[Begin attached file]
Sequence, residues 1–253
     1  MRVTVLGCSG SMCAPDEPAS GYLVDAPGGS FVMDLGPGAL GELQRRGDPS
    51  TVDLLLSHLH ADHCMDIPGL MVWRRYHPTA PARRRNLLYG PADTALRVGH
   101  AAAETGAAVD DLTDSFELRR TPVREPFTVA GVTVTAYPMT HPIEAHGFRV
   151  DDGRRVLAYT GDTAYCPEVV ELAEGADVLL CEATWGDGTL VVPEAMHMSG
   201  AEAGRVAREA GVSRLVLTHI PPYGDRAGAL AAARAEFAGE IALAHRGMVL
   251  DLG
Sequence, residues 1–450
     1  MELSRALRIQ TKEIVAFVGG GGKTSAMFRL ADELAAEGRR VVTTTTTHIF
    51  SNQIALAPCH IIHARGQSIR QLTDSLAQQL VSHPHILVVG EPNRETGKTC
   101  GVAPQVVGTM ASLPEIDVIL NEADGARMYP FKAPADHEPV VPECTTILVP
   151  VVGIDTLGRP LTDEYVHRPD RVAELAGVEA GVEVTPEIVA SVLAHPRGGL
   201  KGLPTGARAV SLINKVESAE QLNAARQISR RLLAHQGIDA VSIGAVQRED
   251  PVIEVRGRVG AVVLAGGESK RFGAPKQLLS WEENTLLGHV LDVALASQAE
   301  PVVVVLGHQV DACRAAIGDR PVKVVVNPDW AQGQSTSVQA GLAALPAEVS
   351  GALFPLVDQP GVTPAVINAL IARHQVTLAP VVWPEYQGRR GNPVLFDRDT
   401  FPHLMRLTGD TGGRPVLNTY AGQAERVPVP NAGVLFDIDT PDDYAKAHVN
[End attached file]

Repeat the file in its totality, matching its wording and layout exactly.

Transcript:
Sequence, residues 1–253
     1  MRVTVLGCSG SMCAPDEPAS GYLVDAPGGS FVMDLGPGAL GELQRRGDPS
    51  TVDLLLSHLH ADHCMDIPGL MVWRRYHPTA PARRRNLLYG PADTALRVGH
   101  AAAETGAAVD DLTDSFELRR TPVREPFTVA GVTVTAYPMT HPIEAHGFRV
   151  DDGRRVLAYT GDTAYCPEVV ELAEGADVLL CEATWGDGTL VVPEAMHMSG
   201  AEAGRVAREA GVSRLVLTHI PPYGDRAGAL AAARAEFAGE IALAHRGMVL
   251  DLG
Sequence, residues 1–450
     1  MELSRALRIQ TKEIVAFVGG GGKTSAMFRL ADELAAEGRR VVTTTTTHIF
    51  SNQIALAPCH IIHARGQSIR QLTDSLAQQL VSHPHILVVG EPNRETGKTC
   101  GVAPQVVGTM ASLPEIDVIL NEADGARMYP FKAPADHEPV VPECTTILVP
   151  VVGIDTLGRP LTDEYVHRPD RVAELAGVEA GVEVTPEIVA SVLAHPRGGL
   201  KGLPTGARAV SLINKVESAE QLNAARQISR RLLAHQGIDA VSIGAVQRED
   251  PVIEVRGRVG AVVLAGGESK RFGAPKQLLS WEENTLLGHV LDVALASQAE
   301  PVVVVLGHQV DACRAAIGDR PVKVVVNPDW AQGQSTSVQA GLAALPAEVS
   351  GALFPLVDQP GVTPAVINAL IARHQVTLAP VVWPEYQGRR GNPVLFDRDT
   401  FPHLMRLTGD TGGRPVLNTY AGQAERVPVP NAGVLFDIDT PDDYAKAHVN